More so these days than ever, apparently.
We spent many summers in the South of France when we were growing up… we’d pack up the car, take the ferry from Dover to Calais and then after a night in Paris drive the eight hours with the windows down to Lavondou, on the Côte d'Azur...listening to Manhattan Transfer, over and over on the eight track.
Daddy always got a suite of rooms at the Cavalière hotel, which had originally been a private villa… It had a charming veranda overlooking its own beach and the clearest blue sea I still have ever seen.
Most mornings, we left Daddy in his panana to read the papers on the veranda and head down to the beach to build sandcastles and swim.
We'd spend hours playing table tennis with the other kids at the hotel…I attribute those summers to being able to hold my own today.
All the beaches were topless and after lunch most days, Daddy would take us on long walks along the beach to buy us a treat…as we got older we cottoned on that it had nothing to do with ice-cream.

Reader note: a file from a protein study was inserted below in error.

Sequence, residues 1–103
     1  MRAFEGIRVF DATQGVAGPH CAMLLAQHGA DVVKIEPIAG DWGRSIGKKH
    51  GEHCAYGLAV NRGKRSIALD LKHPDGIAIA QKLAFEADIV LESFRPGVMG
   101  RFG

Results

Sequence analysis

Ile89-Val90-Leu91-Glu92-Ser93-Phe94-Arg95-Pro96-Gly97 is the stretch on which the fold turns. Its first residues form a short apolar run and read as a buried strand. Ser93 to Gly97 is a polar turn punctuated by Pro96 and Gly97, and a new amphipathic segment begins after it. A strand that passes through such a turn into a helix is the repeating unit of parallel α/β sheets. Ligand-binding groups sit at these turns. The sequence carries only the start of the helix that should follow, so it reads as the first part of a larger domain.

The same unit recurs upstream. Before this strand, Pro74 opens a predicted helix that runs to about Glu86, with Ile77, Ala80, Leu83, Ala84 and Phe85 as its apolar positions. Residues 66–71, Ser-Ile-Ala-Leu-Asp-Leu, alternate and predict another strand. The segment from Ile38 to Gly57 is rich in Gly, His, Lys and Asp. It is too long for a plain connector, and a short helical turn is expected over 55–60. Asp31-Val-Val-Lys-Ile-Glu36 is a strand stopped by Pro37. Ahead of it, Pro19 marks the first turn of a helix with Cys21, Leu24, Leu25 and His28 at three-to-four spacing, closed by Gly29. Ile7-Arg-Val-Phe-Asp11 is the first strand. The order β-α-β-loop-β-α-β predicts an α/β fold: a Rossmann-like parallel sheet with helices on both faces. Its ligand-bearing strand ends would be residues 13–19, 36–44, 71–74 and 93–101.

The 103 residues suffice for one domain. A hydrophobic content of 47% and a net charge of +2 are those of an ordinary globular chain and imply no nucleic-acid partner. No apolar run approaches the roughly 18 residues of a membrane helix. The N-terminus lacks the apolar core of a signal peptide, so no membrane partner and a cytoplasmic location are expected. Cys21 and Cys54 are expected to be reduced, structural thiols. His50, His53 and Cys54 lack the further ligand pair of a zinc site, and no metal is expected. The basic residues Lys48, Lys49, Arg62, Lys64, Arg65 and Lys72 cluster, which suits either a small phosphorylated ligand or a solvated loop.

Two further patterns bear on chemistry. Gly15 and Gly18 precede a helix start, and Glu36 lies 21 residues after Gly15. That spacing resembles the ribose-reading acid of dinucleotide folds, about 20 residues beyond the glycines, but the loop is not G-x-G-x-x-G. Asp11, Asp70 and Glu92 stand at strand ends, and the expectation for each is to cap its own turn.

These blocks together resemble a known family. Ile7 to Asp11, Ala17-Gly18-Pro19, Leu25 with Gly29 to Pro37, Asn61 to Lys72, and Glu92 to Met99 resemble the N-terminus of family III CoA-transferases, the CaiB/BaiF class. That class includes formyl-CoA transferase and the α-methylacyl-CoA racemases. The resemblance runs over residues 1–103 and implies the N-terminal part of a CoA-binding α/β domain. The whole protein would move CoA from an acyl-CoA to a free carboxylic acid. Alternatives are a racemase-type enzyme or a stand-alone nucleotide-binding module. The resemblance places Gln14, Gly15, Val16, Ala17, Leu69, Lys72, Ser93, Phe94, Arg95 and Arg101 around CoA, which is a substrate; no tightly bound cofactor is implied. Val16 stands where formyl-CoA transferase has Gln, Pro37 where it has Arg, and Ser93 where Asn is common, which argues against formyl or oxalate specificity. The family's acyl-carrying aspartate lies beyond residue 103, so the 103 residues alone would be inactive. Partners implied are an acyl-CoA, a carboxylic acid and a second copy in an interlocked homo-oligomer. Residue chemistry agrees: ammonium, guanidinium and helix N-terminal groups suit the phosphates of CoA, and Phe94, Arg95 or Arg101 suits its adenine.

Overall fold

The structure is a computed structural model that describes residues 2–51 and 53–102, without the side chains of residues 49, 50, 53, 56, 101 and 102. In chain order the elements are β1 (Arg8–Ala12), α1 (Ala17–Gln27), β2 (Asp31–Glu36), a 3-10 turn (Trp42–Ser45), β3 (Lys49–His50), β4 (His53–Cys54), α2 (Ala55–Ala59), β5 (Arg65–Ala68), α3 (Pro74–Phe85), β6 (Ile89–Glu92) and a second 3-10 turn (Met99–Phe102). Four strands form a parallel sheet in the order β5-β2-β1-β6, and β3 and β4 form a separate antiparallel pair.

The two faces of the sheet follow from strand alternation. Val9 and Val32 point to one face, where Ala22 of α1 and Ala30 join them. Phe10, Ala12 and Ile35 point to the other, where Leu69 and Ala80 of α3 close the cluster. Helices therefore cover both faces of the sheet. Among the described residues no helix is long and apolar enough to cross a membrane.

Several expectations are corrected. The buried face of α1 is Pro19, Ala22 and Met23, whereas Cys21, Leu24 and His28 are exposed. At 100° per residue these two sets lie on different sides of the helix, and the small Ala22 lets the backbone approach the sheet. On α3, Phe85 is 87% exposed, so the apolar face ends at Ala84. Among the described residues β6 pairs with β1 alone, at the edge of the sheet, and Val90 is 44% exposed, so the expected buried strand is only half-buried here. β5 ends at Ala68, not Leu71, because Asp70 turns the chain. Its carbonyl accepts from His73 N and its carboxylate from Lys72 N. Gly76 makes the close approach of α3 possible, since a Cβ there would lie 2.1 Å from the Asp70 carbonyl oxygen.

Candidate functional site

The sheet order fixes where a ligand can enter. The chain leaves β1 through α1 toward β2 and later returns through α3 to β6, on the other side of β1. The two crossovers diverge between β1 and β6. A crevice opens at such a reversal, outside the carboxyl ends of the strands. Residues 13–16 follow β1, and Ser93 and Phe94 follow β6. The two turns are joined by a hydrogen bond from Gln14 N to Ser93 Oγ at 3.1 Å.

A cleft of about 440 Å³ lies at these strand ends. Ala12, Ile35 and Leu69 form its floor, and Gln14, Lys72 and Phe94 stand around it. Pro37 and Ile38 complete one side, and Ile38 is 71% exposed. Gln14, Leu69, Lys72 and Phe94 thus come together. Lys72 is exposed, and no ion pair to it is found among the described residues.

Daddy was always first down for dinner and if I was ready I would join him for a Kir Royale, while he had his usual Campari… a cigar never far from his hand…he always made me feel very grown up.
Every trip wasn’t complete unless we took a pilgrimage to L'Esquinade, our favorite beach restaurant close to Sainte-Maxime… that was the first time I had soup du poisson with all the trimmings.
To this day, soup du poisson is extremely evocative to me... it brings back happy memories of those carefree summers before hormones set in, before school got hard, and before my parents got divorced… if I see it on the menu today, I will order it without fail and savor every mouthful.
Years later when I went interrailing with school friends to the South of France, I realized that I had taken those glorious summers for granted, particularly as we were either camping or staying in hostels.
What's that expression? Childhood is wasted on the youth.